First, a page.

One of the reasons this project is so exciting is that we’re not entirely sure what you’ll find in our collections. As you explore through our many historic documents and scientific labels, just do your best to make the transcription useful. You can contact us or use the [feedback] tab on the side if you have a specific question you’d like help with.
Advanced Transcription Instructions
When you see a sketch or picture on the page, please use the word “image” placed in double brackets: [[image]]. You may also describe the image within the double brackets, if you would like. Ex: [[image – bird with long beak and blue chest]] . See example page.
If you see handwritten notes inserted by typewritten text, please insert them into the transcription box using a ^ and double brackets [[ ]] to contain the handwritten text. See example page.
This sentence is printed ^ [[and here is a handwritten note]] on the page using a typewriter.
It is more challenging to key in special characters, so we ask you not to worry too much about them, just do the best you can. However, when one is able to produce the special characters, we welcome them. As long as the characters look right, we can leave them in place during review. See example page.
Underline / Strikethrough
Please write strikethrough or underlined, when appropriate, in double brackets before and after the word or phrase that has been struck out or underlined. Like this:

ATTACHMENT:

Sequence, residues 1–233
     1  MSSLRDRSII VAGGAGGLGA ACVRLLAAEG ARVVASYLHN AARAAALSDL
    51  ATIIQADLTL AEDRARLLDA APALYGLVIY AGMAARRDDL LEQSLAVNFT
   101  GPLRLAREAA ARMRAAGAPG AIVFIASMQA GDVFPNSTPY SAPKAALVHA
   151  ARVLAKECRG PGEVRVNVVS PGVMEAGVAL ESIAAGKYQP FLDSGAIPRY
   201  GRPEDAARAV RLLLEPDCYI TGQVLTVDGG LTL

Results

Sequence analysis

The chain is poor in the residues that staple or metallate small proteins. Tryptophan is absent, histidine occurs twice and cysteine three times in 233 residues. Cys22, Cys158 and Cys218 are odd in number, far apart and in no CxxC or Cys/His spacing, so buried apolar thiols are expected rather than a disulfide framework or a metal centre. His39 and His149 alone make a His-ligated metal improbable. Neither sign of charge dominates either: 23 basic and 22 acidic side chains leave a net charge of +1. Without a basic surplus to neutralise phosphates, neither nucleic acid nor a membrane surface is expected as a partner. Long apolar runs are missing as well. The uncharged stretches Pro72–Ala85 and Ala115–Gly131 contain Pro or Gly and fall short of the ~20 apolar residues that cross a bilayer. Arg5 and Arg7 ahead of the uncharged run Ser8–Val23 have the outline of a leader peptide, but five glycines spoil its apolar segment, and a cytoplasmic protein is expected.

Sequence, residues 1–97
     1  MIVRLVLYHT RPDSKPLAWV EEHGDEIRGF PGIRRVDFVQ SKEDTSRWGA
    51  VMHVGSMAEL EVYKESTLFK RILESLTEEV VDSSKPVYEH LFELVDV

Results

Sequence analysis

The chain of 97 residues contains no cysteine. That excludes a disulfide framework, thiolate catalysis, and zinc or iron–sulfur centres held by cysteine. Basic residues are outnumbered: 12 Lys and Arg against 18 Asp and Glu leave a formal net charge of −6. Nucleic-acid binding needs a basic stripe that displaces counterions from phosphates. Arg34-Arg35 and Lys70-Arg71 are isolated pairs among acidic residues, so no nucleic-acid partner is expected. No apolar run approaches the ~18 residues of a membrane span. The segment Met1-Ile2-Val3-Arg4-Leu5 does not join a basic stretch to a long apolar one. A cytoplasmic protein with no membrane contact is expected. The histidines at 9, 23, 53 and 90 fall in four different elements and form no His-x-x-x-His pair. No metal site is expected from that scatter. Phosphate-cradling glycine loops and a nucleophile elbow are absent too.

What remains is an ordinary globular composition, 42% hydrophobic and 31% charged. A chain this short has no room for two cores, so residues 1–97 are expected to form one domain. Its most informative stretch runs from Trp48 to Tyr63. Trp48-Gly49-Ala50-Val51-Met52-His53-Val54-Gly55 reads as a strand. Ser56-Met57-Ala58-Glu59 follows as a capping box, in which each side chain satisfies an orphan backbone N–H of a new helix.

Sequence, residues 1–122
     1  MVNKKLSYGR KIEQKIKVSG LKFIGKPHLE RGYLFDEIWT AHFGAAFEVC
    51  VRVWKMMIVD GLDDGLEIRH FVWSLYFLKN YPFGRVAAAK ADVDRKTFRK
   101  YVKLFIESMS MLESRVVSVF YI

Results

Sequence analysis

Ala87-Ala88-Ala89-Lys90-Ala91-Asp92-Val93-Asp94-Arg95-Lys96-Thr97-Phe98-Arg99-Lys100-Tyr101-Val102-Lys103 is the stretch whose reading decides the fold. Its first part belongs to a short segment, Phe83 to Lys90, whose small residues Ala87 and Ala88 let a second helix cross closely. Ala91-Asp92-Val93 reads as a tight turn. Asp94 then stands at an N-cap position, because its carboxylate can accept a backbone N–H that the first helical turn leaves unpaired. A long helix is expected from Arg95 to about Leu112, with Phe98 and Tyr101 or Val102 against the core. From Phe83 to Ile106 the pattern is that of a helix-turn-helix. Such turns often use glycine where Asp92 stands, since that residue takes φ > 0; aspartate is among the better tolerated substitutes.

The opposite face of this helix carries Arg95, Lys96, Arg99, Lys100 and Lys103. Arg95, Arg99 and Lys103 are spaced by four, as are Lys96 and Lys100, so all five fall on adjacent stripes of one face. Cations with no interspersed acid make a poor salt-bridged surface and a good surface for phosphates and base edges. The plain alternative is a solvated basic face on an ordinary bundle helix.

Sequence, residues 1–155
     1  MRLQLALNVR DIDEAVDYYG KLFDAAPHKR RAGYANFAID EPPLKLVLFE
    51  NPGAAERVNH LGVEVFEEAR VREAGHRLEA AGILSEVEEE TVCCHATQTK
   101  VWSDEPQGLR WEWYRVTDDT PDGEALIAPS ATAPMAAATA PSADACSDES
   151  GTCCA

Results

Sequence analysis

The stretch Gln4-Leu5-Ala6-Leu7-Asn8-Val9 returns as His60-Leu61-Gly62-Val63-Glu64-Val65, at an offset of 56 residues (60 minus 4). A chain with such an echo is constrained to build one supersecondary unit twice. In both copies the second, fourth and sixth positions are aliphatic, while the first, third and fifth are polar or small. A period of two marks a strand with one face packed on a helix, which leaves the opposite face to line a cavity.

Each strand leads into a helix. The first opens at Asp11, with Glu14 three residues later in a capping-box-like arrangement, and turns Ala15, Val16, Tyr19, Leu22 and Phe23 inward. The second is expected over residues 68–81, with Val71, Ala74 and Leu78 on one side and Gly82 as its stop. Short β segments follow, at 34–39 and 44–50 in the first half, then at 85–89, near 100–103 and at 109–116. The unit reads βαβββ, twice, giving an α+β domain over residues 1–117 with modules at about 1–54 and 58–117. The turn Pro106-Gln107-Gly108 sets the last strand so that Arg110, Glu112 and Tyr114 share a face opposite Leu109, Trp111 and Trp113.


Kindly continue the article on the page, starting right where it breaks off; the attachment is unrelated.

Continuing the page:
I really [[strikethrough]] hate [[/strikethrough]] don’t like the smell of rotten eggs. See example page.
Two pages on one image
When you reach the bottom of the first page, write [[end page]]. Then write [[start page]] and continue transcribing the second page. See example page.
Special Instructions and Tips
Some projects require special instructions based on research needs. Click here to see the list of projects that require special instructions.
When a volunteer completes a transcription and marks it for review, it’s good to get a second pair of eyes on it. Here’s how to review a transcription:
If the transcription is complete and ready:
If you feel there are errors that need to be corrected:
The Purpose of Transcription
Our goal with this project is to make our collections more accessible and useful to curators, researchers, and anyone with a curious spirit. Because computers have a hard time understanding handwriting, many of our collections still hold many secrets and hidden knowledge inside their pages. With your help, we can bring that knowledge to life.
Full-text transcription of documents makes them easier to search. If we want to know how many times the word “Civil War” comes up in a Smithsonian Secretary’s papers or find the earliest known location of a particular plant species, we must have that writing transcribed.
Cursive is often no longer taught in schools; to preserve our society’s understanding of historic documents for future generations, it is essential that we create text transcriptions of these documents.
Usefulness over Perfection
Ultimately, an imperfect transcription that is finished in a timely manner is more useful than a exhaustingly detailed and carefully scrutinized transcription that takes years to finish. Do your best but don’t worry about trying to be perfect.